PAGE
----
Fairies, Friendships, and FOMO

First years still finding their place on campus and forming their friend groups don’t need to feel pressured by what they see on social media.

By Irene Qi

Fairies. Angels and devils. Princesses. Fairies again. Pirates. More fairies. (What is up with the fairy costumes this year?) Besides the overwhelming dread of catching up on schoolwork after a weekend of spooky fun, post-Halloween brings another task to the plate: drudging through a slew of Instagram photo dumps. Scrolling reveals picture after picture of group costumes with sexy butterflies, Disney princesses, or something in between. The costumes are stunning, the angles perfect, the editing masterful. Even I attempted to contribute to the onslaught of posts: I carefully selected the best photos out of the hundreds my friends and I had taken throughout the weekend, ran them through filters, and lowered exposure levels, before posting with an inside joke as my caption. And the first Instagram slide? Just like everyone else: fairies.

Carefully crafting and presenting our best lives on social media is nothing new. Whether they’re “spontaneous” photo dumps or modeled photoshoots, we know that the posed photos on Instagram or Facebook don’t necessarily reflect reality. Nonetheless, it’s hard to remember this as we’re thrust into a new environment and expected to adapt—especially for first years and students new to campus. That is to say: If everyone else is a fairy, you start to think, “maybe I should be a fairy too.” In an already unfamiliar setting, the pressures of social media add to the expectations that we must have as much fun as everyone’s posts lead us to believe. On weekday nights, doing “homework” in my dorm with my roommate and our one other close friend, I scroll through ensembles of downtown dinners and Wicker Park thrifting and think: “where’s my big clique of friends to do fun city activities with (and how are they finding the time between midterms to do so)?” Maybe everyone posing together are all genuine friends—in which case, good for them—or maybe they secretly can’t stand each other. I can never tell, and regardless, it’s futile to engage in the picking apart of various groups on social media or to believe that they set the standard for social situations. It’s crucial that we remember the realities behind Instagram posts and stop trying to play catch up.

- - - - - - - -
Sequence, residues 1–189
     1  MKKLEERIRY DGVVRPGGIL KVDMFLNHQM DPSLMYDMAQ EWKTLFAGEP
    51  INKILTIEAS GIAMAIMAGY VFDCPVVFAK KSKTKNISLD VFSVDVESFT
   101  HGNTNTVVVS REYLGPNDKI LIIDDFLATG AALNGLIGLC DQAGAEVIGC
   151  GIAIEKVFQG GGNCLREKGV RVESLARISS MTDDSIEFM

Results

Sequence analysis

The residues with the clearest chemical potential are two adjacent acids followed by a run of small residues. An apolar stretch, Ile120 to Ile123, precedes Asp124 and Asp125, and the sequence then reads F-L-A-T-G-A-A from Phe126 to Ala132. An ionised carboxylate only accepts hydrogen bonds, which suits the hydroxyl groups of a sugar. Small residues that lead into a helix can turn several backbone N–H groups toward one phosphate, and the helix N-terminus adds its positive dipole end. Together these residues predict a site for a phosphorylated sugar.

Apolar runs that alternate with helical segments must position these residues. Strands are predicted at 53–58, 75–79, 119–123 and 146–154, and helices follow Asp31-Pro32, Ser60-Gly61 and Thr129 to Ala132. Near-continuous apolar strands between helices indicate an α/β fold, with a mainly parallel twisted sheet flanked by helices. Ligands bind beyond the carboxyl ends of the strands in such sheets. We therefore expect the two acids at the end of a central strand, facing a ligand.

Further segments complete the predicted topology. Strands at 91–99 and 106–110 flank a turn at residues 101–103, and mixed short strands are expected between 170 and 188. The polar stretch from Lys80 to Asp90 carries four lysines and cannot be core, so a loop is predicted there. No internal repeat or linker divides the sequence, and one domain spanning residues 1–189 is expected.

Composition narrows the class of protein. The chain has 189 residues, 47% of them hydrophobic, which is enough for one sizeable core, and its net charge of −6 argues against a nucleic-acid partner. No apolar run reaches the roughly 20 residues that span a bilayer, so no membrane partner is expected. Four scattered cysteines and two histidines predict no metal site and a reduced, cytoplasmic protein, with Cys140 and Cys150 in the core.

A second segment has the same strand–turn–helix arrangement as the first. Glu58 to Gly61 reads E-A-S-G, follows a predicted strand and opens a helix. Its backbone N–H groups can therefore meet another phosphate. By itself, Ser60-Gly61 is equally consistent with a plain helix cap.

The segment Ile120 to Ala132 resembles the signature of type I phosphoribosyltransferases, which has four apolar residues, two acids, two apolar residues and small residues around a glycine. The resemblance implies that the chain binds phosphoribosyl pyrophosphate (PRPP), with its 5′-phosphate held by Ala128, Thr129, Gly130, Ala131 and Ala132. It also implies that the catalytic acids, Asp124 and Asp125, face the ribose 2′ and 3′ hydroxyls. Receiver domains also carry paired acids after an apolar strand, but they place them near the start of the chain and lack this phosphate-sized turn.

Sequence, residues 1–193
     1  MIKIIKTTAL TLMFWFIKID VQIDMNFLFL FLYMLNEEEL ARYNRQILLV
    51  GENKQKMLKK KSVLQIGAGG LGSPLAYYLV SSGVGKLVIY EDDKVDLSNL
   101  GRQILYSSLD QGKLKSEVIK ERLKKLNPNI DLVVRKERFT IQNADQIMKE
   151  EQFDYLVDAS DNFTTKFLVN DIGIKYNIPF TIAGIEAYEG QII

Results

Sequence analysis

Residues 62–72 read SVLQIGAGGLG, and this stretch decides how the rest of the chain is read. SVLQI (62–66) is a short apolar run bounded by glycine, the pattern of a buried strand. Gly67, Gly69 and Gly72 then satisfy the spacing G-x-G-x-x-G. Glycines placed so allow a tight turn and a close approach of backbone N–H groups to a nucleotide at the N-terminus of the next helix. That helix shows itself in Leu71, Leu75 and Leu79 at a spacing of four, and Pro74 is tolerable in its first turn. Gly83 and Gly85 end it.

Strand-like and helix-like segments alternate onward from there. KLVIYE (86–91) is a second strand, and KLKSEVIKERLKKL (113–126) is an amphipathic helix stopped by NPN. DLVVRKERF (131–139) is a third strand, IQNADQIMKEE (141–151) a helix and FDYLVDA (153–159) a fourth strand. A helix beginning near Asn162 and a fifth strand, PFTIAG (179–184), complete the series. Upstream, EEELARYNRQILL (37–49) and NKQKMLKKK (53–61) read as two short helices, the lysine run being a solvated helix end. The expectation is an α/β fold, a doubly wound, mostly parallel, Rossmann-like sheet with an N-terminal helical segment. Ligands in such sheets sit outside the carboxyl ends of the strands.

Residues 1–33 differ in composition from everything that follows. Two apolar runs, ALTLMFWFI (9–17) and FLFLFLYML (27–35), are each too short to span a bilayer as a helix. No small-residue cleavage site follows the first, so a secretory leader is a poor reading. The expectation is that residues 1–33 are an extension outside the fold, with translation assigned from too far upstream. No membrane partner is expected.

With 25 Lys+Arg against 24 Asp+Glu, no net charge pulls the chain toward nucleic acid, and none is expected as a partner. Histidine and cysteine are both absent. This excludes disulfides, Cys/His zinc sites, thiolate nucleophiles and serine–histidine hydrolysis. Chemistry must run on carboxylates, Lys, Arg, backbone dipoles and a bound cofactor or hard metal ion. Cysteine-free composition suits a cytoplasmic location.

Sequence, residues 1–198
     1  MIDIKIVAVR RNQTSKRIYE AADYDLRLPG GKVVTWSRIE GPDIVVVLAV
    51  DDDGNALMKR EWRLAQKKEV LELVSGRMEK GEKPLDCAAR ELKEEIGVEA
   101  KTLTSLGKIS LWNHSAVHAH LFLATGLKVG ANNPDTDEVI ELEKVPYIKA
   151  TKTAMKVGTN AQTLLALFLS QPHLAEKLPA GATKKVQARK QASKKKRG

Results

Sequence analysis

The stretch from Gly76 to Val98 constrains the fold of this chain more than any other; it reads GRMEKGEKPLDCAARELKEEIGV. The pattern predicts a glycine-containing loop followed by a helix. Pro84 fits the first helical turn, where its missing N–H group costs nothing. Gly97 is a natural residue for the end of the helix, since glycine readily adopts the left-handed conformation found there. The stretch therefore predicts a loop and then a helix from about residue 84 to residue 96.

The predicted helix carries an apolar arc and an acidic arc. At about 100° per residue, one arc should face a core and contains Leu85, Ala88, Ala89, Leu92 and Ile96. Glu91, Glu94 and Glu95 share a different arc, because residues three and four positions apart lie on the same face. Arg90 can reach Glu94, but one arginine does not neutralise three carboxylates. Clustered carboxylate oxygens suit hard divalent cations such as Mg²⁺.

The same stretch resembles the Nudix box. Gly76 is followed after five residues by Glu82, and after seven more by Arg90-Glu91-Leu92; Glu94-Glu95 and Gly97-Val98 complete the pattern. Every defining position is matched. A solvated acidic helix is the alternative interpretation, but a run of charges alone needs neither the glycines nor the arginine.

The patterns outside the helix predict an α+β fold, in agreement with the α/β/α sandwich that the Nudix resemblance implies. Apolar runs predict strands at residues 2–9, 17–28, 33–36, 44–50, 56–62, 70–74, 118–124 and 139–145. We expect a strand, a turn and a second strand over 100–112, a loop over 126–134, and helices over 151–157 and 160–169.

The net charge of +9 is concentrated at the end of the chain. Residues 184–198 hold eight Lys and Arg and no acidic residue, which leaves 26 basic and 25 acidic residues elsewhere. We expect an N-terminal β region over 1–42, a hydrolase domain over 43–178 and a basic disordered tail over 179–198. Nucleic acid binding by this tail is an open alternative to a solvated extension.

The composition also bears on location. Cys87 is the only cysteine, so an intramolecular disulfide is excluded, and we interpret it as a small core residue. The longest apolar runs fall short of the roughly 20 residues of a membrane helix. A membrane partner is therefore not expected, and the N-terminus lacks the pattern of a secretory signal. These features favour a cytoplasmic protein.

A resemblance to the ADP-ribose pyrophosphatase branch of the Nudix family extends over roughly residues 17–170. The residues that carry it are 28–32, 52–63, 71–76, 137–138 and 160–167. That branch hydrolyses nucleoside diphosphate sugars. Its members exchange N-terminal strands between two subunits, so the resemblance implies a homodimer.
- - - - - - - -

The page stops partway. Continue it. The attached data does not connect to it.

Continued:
The romanticized world of Instagram places pressure on us to immerse ourselves in the community as rapidly as possible, often quicker than we may be comfortable with. Despite only being in week seven of my first quarter of college, I feel the need to have already-cemented support networks built out. Whether through various RSOs or Greek life, I grasp for a sense of community and expect an already-developed network of friends at my disposal. I hear my parents and teachers reminisce about college as the place where lifelong friendship groups are formed, and I desperately reach for that standard.

It’s unrealistic, however, for everyone to have already found the core groups that will last them years beyond college. The process of developing said relations is never as easy as Instagram wants you to think, either. When we’re dropped into a large campus where schedules barely align, and we’re all running off to our next class or study group, maintaining friendships and social lives becomes a separate Google Calendar. The excitement and fun of meeting new people does not translate into actually deepening your connection with them. How are we supposed to find our future bridesmaids if we talk with someone once during O-week and then never see them again?

Although forming meaningful relationships will hardly be completely natural and easy, we don’t need to buy into the publicized, barely formed ones splashed across Instagram. Feeling jealous or experiencing FOMO is inevitable as first-years and newcomers, but letting go of these mindsets can only benefit us in the long run. Latching onto people you don’t enjoy being around, just because you feel you should, prevents you from discovering the real friendships that may take root in the most unexpected of places. We could all benefit from redirecting the focus from the supposedly packed social calendars we see on Instagram to ourselves and our place on campus outside of social media. While the clichéd I-met-my-best-friends-during-O-week story may not come true, perhaps someone you sit next to in your winter quarter Core Bio class might just lead to a new best friend.

There is more behind group photos than the glitz and glamour of Amazon-bought Halloween costumes. Social media leads us to believe that everyone has their flourishing social lives and perfect, fairy-costumed friend groups in the first quarter of a new school year. It’s okay if we don’t—and it’s okay to stop pretending we do.

Irene Qi is a first year in the College.